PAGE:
As the COVID-19 pandemic continues to challenge global health systems and cause financial hardship, there is mounting evidence of how it is deepening gender disparities across cultures and economic sectors.
The IDRC-supported documentary A Walnut Tree, which follows the troubled lives of an internally displaced family in Pakistan, won the Grand Prix (best film award) at Moscow’s DOKer Film Festival in May, and the FIPRESCI Prize (International Federation of Film Critics) at the Istanbul Documentary Days festival in June. These awards join the film’s growing list of accolades, including the Ram Bahadur Trophy for best film at the Film Southasia festival in Kathmandu, and special jury recognition at the Festival dei Diritti Umani in Milan.
Poor communities rarely benefit from global emissions trading schemes, because of the high transaction costs of participation. However, the registration of small community-scale projects to the carbon market through the Clean Development Mechanism (CDM) might be a way for low-income communities to profit from their efforts to reduce emissions.
For peacebuilding processes to be sustainable, post-war security transitions must be carefully planned and participatory. These transitions often involve a reconfiguration of the entire security architecture, and include reintegrating former combatants and restructuring the military and police.
Access to water for poor residents in Jakarta, Indonesia, is limited. Among the challenges they face are the high prices demanded by water service providers, poor water quality, and limited access to water infrastructure. With support from IDRC, the global humanitarian agency Mercy Corps worked with residents, local government, researchers, NGOs, and the private sector to tackle these challenges.
The silence surrounding sexual violence in South Asia has been shattered. The Zubaan Series on Sexual Violence and Impunity in South Asia, formally launched in New Delhi on May 21, 2016, presents severe statements about criminal justice systems in South Asia that turn their back on sexual violence, leaving survivors little recourse for justice.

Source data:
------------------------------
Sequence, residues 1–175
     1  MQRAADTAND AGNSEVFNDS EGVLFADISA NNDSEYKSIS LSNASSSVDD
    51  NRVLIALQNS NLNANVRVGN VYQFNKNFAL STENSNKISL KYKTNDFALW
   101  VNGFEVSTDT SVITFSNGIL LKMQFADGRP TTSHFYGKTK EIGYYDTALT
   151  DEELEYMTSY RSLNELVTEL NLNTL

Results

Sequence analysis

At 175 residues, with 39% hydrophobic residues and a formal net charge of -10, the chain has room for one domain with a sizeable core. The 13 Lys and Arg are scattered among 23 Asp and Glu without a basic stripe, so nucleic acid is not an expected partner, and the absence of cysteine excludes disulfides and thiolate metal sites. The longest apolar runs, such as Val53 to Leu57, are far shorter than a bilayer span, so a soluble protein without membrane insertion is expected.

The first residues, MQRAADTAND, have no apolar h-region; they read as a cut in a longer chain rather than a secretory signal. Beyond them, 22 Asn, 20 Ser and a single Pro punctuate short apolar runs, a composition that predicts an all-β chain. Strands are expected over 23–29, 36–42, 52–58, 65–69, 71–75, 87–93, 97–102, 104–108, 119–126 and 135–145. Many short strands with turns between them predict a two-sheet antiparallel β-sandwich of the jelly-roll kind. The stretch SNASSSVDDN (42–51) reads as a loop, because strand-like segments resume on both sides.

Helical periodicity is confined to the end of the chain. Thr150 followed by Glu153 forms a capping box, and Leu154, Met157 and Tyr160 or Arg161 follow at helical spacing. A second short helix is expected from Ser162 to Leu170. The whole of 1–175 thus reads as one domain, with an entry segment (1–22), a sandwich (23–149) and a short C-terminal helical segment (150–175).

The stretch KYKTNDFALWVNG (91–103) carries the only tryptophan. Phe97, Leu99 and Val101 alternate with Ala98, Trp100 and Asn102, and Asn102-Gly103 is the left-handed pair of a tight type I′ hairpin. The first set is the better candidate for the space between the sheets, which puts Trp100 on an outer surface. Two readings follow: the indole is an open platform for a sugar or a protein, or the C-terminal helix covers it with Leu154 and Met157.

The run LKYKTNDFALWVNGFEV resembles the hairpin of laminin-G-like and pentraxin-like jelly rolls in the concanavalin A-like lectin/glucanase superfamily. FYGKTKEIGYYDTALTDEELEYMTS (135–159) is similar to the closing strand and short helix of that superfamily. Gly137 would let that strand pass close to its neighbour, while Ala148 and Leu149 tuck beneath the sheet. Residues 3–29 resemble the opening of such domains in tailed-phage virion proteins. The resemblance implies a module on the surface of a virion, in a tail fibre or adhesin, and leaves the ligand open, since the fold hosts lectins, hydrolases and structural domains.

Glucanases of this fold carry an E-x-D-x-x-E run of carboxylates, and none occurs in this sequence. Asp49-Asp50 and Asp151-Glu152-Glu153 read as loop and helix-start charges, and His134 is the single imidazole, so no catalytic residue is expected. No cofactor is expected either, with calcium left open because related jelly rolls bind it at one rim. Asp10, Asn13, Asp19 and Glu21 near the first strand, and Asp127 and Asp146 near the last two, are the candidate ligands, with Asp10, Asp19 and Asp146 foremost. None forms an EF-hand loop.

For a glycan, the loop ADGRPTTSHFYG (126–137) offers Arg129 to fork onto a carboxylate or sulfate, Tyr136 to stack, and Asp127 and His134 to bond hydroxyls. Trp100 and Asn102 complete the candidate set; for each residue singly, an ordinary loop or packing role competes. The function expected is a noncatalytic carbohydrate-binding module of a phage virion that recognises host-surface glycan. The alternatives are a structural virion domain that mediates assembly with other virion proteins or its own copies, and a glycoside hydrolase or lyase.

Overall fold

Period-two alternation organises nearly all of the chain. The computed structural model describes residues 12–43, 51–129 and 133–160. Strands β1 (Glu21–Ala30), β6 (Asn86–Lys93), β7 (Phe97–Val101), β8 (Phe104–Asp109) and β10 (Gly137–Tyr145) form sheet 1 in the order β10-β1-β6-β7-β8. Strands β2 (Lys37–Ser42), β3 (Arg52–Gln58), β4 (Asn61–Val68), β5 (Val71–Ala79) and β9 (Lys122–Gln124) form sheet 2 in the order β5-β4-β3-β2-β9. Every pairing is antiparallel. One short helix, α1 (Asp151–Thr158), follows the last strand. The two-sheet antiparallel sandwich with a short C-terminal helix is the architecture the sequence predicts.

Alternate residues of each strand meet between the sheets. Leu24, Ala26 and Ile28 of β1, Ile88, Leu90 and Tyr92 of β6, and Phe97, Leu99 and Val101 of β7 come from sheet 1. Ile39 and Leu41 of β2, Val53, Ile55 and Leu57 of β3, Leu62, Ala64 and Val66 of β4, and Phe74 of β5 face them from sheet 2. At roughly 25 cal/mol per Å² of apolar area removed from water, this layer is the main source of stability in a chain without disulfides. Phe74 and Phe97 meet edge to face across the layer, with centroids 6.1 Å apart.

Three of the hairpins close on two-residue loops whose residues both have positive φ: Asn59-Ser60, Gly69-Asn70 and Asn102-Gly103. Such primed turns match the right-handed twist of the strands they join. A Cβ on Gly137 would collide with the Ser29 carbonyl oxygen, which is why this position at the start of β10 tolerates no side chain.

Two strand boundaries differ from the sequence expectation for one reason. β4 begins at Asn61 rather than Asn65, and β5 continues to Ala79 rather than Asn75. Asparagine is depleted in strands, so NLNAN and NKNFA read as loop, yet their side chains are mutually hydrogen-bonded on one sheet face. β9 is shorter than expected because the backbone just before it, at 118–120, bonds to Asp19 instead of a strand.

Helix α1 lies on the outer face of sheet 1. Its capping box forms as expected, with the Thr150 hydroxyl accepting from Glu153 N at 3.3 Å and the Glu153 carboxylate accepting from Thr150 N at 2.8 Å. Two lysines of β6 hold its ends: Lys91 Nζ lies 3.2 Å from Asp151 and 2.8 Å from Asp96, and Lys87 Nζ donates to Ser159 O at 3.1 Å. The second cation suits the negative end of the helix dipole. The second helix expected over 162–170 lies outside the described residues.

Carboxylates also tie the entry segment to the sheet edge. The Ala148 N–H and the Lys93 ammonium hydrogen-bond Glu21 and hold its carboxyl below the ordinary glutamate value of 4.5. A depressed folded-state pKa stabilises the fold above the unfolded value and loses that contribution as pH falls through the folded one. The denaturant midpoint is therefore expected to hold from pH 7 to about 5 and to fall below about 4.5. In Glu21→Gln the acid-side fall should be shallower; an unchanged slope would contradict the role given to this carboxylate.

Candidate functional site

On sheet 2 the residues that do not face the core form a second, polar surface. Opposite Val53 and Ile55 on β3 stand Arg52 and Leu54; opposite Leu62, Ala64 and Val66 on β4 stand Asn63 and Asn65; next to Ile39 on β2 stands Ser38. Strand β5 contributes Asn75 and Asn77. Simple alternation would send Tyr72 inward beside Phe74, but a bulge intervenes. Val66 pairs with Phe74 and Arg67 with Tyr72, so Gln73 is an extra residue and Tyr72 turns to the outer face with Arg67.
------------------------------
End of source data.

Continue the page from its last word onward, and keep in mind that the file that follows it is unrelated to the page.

IDRC-supported research has shown that, as more and more people go online in Asia, digital privacy is increasingly seen as an important political and consumer right. A survey of Asian countries revealed widespread concern among citizens about protecting their personal data and Internet privacy. The report, A New Dawn: Privacy in Asia, summarizes the findings of the research.
Health systems in countries across Asia struggle to provide access to health services, especially to vulnerable populations. Information and communication technologies like mobile phones are being used to address health challenges. This networked approach to health, or eHealth, can increase access to services and information. But can it fill critical gaps in health service provision?
Agricultural production is rapidly expanding in Southeast Asia. While this can lead to improved food security, nutrition, and income in the region, it also increases the risk of disease, exposure to chemicals, and the loss of biodiversity. The IDRC-supported Ecohealth Field Building Initiative (FBLI) supports research in the region that aims to improve understanding of the effects of agricultural change on ecosystems and human health, and provide sustainable solutions.
Small millets, despite being rich in micronutrients and dietary fibre and known for their low glycemic index and tolerance of water stress, are in decline in South Asia. Existing varieties suffer from low yield and farmers lack access to improved varieties.